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The Lord Brown Problem: Everybody wants to save the planet, but no one wants to help mom wash dishes!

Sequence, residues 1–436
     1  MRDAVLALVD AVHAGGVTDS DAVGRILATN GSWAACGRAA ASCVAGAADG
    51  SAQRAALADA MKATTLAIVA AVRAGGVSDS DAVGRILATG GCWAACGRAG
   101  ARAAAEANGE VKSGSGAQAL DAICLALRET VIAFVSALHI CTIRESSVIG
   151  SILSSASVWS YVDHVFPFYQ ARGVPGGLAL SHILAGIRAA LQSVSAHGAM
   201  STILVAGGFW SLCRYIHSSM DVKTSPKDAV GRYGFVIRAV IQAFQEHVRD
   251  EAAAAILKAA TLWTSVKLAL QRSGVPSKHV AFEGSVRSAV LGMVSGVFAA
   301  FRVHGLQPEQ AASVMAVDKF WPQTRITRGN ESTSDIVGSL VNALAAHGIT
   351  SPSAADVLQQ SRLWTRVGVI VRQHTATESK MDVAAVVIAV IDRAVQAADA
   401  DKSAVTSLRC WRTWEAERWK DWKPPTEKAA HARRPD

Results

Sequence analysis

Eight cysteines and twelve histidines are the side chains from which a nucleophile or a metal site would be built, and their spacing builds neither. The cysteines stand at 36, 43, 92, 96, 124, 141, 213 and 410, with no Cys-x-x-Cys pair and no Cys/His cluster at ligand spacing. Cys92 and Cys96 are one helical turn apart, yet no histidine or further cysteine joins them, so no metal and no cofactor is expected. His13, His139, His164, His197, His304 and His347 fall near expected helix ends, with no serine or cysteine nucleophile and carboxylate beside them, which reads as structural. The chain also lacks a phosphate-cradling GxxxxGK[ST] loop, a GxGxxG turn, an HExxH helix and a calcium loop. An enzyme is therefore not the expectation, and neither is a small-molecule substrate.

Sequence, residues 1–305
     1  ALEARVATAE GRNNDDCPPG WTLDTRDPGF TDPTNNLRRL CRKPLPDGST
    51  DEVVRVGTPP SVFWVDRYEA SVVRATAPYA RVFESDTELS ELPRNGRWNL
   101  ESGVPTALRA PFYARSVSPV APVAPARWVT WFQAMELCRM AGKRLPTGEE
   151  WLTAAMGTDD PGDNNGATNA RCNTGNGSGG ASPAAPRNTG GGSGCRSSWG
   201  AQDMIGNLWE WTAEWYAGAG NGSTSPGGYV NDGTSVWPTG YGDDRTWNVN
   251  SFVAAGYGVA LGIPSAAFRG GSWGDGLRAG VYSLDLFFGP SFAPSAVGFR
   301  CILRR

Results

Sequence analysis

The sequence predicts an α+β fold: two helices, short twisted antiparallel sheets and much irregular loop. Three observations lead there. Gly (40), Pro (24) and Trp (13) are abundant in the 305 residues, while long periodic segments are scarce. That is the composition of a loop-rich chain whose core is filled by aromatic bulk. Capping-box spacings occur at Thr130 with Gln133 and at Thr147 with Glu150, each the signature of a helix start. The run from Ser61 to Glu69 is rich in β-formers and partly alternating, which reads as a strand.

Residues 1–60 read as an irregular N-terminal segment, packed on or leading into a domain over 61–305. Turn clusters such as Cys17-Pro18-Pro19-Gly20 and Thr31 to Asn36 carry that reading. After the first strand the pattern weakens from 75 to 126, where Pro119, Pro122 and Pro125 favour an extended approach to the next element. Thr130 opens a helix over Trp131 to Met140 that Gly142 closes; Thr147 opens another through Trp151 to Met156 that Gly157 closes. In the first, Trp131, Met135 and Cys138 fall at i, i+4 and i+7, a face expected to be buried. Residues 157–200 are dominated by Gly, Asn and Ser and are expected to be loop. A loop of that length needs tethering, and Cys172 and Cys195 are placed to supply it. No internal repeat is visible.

The decision by the Board of British Petroleum to accelerate the switch from the current chairman, John Brown (Lord Brown), is indicative of a growing awareness in corporate circles that a preoccupation with political correctness can create real problems. Lord Brown became an admired businessman — in a world increasingly anti-capitalist. Why? Because, unlike his counterpart Lee Raymond of ExxonMobil, Brown saw the PC views of the European and American chattering classes as providing a wonderful opportunity to showcase his company — and himself — as somehow different. BP relabeled itself “Beyond Petroleum,” created a new sunburst logo that seemingly suggested renewable energy as the BP focus, and rushed to endorse every green slogan and idea under the sun. This Pharisee strategy (“Thank you Lord for making me better than these other sinners!”) is dangerous because it can be taken seriously. It is all too likely that those ambitious staffers at BP “got the memo” and decided to emphasize their environmental credentials, their faith in a non-carbon world. Why would anyone in a Lord Brown-led corporation bury himself in the ashes of the “old” BP? No one, of course, wants refinery disasters or leaking pipelines, but such problems will emerge unless dedicated people continue to maintain equipment, check things out — and that takes time and effort. Saving the world by working on renewable energy, sutainable development, and other fashionable causes — were all much sexier tasks than the company's core functions of developing and marketing new products and services to create value for shareholders. Everybody wants to save the world, but no one wants to help mom wash the dishes. Other Boards should take the BP lesson to heart. When a firm gets mentioned more in the style than business section of the newspaper, it's time to sell!